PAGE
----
The comparison of a pair of electron microscope images recorded at different specimen tilt angles provides a powerful approach for evaluating the quality of images, image-processing procedures, or three-dimensional structures. Here, we analyze tilt-pair images recorded from a range of specimens with different symmetries and molecular masses and show how the analysis can produce valuable information not easily obtained otherwise. We show that the accuracy of orientation determination of individual single particles depends on molecular mass, as expected theoretically since the information in each particle image increases with molecular mass. The angular uncertainty is less than 1° for particles of high molecular mass ( 50 MDa), several degrees for particles in the range 1-5 MDa, and tens of degrees for particles below 1 MDa. Orientational uncertainty may be the major contributor to the effective temperature factor (B-factor) describing contrast loss and therefore the maximum resolution of a structure determination. We also made two unexpected observations. Single particles that are known to be flexible showed a wider spread in orientation accuracy, and the orientations of the largest particles examined changed by several degrees during typical low-dose exposures. Smaller particles presumably also reorient during the exposure; hence, specimen movement is a second major factor that limits resolution. Tilt pairs thus enable assessment of orientation accuracy, map quality, specimen motion, and conformational heterogeneity. A convincing tilt-pair parameter plot, where 60% of the particles show a single cluster around the expected tilt axis and tilt angle, provides confidence in a structure determined using electron cryomicroscopy.

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    10/01/11 | An adaptation of the Wiener filter suitable for analyzing images of isolated single particles.
    Sindelar CV, Grigorieff N
    Journal of Structural Biology. 2011 Oct;176(1):60-74. doi: 10.1016/j.jsb.2011.06.010

    The Wiener filter is a standard means of optimizing the signal in sums of aligned, noisy images obtained by electron cryo-microscopy (cryo-EM). However, estimation of the resolution-dependent ("spectral") signal-to-noise ratio (SSNR) from the input data has remained problematic, and error reduction due to specific application of the SSNR term within a Wiener filter has not been reported. Here we describe an adjustment to the Wiener filter for optimal summation of images of isolated particles surrounded by large regions of featureless background, as is typically the case in single-particle cryo-EM applications. We show that the density within the particle area can be optimized, in the least-squares sense, by scaling the SSNR term found in the conventional Wiener filter by a factor that reflects the fraction of the image field occupied by the particle. We also give related expressions that allow the SSNR to be computed for application in this new filter, by incorporating a masking step into a Fourier Ring Correlation (FRC), a standard resolution measure. Furthermore, we show that this masked FRC estimation scheme substantially improves on the accuracy of conventional SSNR estimation methods. We demonstrate the validity of our new approach in numeric tests with simulated data corresponding to realistic cryo-EM imaging conditions. This variation of the Wiener filter and accompanying derivation should prove useful for a variety of single-particle cryo-EM applications, including 3D reconstruction.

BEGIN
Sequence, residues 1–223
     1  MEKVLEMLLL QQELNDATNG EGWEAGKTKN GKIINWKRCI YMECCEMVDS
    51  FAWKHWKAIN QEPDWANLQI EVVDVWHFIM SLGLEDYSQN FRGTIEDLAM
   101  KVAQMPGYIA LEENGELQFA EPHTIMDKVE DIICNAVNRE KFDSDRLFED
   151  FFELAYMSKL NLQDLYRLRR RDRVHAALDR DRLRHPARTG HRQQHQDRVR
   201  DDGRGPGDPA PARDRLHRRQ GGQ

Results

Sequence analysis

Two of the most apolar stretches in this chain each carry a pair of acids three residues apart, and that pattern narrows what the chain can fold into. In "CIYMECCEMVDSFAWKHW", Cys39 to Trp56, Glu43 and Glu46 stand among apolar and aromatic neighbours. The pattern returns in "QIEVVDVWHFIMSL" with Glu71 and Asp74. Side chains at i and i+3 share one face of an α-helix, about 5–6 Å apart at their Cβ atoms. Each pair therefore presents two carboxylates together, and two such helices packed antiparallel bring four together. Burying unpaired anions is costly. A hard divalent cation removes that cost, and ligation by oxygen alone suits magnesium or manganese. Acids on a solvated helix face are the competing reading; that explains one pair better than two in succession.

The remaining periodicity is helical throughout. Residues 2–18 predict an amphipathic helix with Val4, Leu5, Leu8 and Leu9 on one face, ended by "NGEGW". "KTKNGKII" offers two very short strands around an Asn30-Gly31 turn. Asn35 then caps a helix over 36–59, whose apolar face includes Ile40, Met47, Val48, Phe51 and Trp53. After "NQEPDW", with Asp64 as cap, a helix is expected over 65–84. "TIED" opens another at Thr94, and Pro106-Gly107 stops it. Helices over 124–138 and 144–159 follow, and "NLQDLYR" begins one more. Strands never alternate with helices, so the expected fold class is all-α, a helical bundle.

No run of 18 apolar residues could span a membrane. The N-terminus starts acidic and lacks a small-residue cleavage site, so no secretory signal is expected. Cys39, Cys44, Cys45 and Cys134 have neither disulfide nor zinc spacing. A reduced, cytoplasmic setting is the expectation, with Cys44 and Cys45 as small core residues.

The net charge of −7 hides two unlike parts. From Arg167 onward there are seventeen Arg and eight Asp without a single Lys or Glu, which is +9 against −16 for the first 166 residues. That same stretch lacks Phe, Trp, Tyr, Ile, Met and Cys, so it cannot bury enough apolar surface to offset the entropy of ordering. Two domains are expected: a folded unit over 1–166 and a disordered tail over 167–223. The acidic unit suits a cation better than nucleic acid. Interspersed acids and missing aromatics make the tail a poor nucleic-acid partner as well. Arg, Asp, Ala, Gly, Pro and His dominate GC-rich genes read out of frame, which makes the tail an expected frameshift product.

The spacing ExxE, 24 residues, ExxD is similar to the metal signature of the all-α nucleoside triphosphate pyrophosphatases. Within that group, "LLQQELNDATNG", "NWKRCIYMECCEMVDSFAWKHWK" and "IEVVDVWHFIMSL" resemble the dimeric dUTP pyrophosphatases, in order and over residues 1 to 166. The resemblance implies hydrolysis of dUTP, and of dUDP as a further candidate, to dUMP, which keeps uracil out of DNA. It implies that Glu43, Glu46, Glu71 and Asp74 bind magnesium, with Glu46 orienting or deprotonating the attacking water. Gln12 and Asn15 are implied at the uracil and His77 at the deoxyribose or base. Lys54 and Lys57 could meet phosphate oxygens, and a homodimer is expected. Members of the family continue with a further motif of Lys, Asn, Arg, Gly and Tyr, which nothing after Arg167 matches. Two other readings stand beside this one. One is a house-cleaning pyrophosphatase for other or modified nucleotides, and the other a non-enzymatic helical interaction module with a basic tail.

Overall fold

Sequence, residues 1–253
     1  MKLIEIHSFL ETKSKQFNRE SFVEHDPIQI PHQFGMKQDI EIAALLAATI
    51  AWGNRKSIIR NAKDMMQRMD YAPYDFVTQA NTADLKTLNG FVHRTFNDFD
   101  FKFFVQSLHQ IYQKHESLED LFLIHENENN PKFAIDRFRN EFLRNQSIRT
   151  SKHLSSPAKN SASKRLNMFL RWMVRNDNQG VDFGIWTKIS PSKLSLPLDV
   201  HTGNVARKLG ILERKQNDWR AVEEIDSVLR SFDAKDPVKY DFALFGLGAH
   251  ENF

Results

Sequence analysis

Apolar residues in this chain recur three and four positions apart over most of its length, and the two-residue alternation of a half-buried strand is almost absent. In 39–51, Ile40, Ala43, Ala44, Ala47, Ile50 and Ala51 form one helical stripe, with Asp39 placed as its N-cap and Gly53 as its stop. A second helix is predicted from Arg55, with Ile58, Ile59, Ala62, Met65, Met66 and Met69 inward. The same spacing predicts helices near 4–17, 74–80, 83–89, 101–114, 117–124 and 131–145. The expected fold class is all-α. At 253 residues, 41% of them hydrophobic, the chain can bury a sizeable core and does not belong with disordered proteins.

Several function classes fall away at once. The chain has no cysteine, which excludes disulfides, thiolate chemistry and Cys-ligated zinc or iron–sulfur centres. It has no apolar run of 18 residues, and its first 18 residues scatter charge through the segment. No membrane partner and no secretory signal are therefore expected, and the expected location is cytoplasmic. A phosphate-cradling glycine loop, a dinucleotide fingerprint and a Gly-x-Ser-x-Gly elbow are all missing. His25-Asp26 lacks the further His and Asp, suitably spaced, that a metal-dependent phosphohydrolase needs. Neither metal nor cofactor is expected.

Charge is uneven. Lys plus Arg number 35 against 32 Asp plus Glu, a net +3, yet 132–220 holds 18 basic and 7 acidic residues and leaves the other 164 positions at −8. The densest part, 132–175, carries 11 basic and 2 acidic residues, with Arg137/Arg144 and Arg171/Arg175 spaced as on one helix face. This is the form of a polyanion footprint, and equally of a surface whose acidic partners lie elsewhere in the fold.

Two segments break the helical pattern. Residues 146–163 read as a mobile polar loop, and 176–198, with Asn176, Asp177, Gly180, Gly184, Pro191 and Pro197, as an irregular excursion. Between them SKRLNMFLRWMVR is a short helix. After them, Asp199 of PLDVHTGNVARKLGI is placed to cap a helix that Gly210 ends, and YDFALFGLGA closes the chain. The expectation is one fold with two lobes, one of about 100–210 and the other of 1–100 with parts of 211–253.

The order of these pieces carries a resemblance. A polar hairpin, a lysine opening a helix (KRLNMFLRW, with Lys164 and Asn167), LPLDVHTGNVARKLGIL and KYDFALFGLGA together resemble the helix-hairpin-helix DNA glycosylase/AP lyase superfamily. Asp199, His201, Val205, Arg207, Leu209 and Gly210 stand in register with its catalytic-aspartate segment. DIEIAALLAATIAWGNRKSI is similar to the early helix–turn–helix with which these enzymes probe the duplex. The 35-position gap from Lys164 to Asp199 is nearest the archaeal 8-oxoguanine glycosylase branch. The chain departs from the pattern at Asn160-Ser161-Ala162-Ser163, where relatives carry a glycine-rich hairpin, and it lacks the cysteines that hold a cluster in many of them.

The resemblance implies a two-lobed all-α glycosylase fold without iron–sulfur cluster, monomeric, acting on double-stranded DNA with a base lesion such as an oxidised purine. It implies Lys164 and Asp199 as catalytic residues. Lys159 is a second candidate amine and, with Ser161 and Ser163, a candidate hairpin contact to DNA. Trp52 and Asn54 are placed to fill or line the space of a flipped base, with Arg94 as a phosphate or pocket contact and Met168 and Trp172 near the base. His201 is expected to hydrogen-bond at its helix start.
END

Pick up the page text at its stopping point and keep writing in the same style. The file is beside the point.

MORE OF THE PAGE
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    09/21/11 | Structural complexity of a composite amyloid fibril.
    Lewandowski JR, van der Wel PC, Rigney M, Grigorieff N, Griffin RG
    Journal of the American Chemical Society. 2011 Sep 21;133(37):14686-98. doi: 10.1021/ja203736z

    The molecular structure of amyloid fibrils and the mechanism of their formation are of substantial medical and biological importance, but present an ongoing experimental and computational challenge. An early high-resolution view of amyloid-like structure was obtained on amyloid-like crystals of a small fragment of the yeast prion protein Sup35p: the peptide GNNQQNY. As GNNQQNY also forms amyloid-like fibrils under similar conditions, it has been theorized that the crystal’s structural features are shared by the fibrils. Here we apply magic-angle-spinning (MAS) NMR to examine the structure and dynamics of these fibrils. Previously multiple NMR signals were observed for such samples, seemingly consistent with the presence of polymorphic fibrils. Here we demonstrate that peptides with these three distinct conformations instead assemble together into composite protofilaments. Electron microscopy (EM) of the ribbon-like fibrils indicates that these protofilaments combine in differing ways to form striations of variable widths, presenting another level of structural complexity. Structural and dynamic NMR data reveal the presence of highly restricted side-chain conformations involved in interfaces between differently structured peptides, likely comprising interdigitated steric zippers. We outline molecular interfaces that are consistent with the observed EM and NMR data. The rigid and uniform structure of the GNNQQNY crystals is found to contrast distinctly with the more complex structural and dynamic nature of these "composite" amyloid fibrils. These results provide insight into the fibril-crystal distinction and also indicate a necessary caution with respect to the extrapolation of crystal structures to the study of fibril structure and formation.